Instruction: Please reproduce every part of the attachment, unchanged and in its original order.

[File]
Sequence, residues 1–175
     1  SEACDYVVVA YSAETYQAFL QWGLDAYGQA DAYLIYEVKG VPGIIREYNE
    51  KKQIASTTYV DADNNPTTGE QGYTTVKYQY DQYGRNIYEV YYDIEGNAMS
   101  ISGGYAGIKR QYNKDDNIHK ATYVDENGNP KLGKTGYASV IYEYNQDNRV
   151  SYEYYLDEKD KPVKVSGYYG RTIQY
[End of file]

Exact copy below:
Sequence, residues 1–175
     1  SEACDYVVVA YSAETYQAFL QWGLDAYGQA DAYLIYEVKG VPGIIREYNE
    51  KKQIASTTYV DADNNPTTGE QGYTTVKYQY DQYGRNIYEV YYDIEGNAMS
   101  ISGGYAGIKR QYNKDDNIHK ATYVDENGNP KLGKTGYASV IYEYNQDNRV
   151  SYEYYLDEKD KPVKVSGYYG RTIQY